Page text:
This way, for those who suffer from lactose problems, beef protein may be the best option available.

Plus, as the beef powder maintains the nine amino acid combinations, the body absorbs it faster. By increasing the absorption rate, all of the amino acids can enter the blood stream faster, which delivers the protein to the body faster. This allows you to consume more protein in a shorter amount of time without pushing it through as waste (Journal of International Society of Sports Nutrition, 2015).

It is important to note beef protein supplements and powder are relatively new, so not as much research is available on this concentrated protein form when compared to whey, soy and other protein options.

However, the concentrated form does deliver the benefits of beef protein without some of the negative side effects.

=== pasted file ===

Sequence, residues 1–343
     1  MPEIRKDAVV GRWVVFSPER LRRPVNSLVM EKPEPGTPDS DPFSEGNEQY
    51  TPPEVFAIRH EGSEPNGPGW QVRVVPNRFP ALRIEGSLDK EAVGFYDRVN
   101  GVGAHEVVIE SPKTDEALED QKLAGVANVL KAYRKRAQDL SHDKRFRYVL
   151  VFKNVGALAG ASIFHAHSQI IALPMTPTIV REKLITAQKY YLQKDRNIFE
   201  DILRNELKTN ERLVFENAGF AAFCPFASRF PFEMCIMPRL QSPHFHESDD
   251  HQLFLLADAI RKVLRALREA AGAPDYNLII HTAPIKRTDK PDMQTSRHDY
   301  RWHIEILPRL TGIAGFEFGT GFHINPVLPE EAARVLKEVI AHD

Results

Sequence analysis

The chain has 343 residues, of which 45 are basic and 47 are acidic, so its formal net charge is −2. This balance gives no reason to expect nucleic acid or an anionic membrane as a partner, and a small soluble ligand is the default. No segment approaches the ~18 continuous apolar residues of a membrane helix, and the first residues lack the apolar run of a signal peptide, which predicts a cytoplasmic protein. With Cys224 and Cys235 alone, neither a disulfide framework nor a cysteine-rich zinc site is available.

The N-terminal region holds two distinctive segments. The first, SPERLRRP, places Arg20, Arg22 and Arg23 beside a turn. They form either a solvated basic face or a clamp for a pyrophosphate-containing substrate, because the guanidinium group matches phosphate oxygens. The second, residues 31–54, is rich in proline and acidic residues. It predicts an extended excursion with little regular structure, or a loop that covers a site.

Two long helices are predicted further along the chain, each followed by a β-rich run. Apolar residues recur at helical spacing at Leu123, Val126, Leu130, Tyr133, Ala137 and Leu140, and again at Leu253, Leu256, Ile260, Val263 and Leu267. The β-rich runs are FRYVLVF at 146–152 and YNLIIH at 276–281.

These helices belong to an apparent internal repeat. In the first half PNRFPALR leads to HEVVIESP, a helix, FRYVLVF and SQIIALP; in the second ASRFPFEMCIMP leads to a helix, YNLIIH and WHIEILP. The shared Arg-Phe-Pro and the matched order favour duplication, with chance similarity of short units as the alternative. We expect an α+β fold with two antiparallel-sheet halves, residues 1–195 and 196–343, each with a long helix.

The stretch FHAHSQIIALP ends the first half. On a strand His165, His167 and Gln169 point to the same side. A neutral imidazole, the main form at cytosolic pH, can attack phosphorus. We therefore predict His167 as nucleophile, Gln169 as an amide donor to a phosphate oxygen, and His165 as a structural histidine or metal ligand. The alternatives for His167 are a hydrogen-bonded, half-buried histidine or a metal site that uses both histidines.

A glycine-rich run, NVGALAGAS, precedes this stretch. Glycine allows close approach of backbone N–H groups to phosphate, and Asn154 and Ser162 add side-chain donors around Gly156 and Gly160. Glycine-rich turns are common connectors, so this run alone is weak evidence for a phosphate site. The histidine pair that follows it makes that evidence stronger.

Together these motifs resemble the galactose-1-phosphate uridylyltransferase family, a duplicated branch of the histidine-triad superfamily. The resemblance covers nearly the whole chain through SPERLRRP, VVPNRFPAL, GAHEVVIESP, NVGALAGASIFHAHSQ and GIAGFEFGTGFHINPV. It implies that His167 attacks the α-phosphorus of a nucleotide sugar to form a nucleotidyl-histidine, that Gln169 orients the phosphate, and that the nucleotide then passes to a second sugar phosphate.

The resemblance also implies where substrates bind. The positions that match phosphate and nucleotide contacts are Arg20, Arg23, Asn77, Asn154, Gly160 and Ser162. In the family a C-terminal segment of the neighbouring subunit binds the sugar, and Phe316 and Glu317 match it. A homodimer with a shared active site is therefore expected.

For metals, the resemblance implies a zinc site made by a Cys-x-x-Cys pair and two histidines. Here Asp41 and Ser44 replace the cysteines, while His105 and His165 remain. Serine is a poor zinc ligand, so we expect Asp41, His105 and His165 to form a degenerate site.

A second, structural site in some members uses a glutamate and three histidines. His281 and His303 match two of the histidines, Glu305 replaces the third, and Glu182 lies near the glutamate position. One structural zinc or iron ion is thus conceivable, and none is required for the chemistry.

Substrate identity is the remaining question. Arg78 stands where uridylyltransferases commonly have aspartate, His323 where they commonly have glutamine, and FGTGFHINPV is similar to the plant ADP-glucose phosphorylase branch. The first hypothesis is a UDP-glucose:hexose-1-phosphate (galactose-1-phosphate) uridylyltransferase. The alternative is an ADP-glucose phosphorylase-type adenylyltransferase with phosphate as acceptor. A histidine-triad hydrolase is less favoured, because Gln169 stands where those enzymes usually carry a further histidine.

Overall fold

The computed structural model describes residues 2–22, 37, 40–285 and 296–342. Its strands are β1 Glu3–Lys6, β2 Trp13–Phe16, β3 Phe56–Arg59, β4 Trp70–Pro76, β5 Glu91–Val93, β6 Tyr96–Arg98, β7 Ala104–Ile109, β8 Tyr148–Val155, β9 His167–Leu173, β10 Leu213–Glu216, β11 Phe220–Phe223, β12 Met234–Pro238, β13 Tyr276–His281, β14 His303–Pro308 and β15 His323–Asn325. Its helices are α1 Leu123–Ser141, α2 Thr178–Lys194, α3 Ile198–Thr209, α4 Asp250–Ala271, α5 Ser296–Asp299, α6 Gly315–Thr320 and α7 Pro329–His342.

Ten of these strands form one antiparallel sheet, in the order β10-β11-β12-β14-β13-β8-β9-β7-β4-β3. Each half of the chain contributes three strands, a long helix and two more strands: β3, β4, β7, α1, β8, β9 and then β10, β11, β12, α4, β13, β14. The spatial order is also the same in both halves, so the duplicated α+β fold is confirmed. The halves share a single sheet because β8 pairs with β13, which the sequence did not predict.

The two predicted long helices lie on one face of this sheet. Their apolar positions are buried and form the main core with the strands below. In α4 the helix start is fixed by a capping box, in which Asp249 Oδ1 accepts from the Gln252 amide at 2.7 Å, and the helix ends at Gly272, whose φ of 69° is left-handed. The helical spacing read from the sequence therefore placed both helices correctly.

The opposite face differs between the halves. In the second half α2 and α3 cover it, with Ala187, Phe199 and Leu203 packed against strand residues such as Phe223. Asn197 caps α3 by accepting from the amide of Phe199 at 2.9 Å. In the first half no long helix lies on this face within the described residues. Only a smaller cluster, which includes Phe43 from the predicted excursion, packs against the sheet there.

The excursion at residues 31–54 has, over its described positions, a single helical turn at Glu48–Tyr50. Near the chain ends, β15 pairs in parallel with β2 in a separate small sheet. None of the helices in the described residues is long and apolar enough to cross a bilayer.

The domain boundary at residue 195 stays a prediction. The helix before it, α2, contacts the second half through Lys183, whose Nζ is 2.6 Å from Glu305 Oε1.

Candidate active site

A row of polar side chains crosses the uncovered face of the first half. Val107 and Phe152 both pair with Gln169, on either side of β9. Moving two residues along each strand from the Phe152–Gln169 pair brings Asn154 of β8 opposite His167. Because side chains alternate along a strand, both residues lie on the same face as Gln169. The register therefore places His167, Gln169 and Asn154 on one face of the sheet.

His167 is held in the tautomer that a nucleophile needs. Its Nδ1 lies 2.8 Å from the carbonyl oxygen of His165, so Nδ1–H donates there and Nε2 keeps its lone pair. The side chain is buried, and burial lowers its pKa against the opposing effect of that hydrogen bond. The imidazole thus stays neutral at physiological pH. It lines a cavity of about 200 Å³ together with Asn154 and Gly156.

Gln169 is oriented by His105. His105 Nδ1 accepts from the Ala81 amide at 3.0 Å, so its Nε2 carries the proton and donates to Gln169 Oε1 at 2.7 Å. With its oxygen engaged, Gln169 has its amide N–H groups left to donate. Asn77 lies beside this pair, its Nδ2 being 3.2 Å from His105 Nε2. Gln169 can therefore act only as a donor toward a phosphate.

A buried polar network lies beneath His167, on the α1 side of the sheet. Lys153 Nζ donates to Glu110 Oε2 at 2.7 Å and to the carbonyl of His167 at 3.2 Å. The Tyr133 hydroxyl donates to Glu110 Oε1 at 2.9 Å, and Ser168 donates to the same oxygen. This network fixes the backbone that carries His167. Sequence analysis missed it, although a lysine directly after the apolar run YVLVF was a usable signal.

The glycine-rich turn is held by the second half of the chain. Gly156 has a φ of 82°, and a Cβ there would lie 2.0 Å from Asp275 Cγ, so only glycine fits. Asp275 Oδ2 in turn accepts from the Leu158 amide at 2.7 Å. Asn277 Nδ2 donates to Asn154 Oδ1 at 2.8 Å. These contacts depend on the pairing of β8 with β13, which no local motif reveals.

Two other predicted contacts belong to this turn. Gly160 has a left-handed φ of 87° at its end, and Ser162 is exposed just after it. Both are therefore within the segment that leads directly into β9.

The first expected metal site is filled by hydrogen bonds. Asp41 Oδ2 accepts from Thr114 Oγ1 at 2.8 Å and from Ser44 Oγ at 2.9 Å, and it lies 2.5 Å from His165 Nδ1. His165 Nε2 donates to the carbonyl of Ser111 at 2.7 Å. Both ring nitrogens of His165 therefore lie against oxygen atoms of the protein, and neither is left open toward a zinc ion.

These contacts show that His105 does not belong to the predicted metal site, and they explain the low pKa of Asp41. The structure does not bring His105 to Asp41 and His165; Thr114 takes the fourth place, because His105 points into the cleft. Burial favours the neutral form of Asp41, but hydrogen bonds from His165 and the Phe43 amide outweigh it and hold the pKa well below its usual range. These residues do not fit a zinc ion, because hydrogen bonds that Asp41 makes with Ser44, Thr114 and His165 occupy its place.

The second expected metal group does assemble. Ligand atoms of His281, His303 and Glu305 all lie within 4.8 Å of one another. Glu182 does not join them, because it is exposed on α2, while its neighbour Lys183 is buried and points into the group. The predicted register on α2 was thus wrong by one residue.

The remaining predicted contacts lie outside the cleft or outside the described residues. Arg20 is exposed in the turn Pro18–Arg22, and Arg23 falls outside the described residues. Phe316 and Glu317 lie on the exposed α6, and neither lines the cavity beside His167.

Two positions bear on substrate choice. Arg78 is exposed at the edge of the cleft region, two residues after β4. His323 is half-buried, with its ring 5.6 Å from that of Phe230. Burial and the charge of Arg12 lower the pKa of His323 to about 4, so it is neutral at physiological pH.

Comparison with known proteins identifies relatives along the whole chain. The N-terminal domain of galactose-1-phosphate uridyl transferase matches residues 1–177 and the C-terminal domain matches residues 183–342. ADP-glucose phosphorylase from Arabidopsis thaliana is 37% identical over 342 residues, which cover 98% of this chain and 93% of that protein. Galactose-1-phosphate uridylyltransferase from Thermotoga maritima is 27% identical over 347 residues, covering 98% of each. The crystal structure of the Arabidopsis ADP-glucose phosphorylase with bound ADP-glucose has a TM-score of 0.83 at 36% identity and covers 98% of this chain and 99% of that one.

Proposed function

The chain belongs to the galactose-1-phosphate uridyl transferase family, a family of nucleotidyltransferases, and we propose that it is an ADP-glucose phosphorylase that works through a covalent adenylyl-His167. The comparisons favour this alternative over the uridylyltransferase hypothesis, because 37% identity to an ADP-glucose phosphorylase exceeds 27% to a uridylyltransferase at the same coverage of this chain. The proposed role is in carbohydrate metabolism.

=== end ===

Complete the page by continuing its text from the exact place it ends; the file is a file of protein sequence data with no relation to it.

Conclusion

Whether you are a professional body builder or you just want to stay in shape and maintain the muscle mass you have, protein is important.

Different forms of protein offers different health benefits and while each do go long ways in improving the muscular structure of your body, beef provides you with very real results. So as long as you’re not vegan, the next time you head out to the super market, consider adding a bit of beef to the shopping cart.

And when that 4th of July BBQ comes around, don’t feel ashamed of grabbing a second round of beef brisket.

-Terry Asher

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Terry Asher

Owner & Founder at Gym Junkies LLC
After changing his best friend’s life by helping him lose over 70lbs, dropping him down to an amazing 7% body fat, Terry was inspired to be a full-time internet trainer knowing he could do the same for many more. In 2010, Terry published his own diet and fitness e-book that can be purchased on this website. Let Terry help you change your body for the better!